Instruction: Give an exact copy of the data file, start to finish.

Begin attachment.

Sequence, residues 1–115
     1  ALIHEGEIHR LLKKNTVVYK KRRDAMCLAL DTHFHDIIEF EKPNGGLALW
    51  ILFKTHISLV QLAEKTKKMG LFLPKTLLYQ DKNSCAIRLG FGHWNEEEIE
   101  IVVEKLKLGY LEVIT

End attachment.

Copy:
Sequence, residues 1–115
     1  ALIHEGEIHR LLKKNTVVYK KRRDAMCLAL DTHFHDIIEF EKPNGGLALW
    51  ILFKTHISLV QLAEKTKKMG LFLPKTLLYQ DKNSCAIRLG FGHWNEEEIE
   101  IVVEKLKLGY LEVIT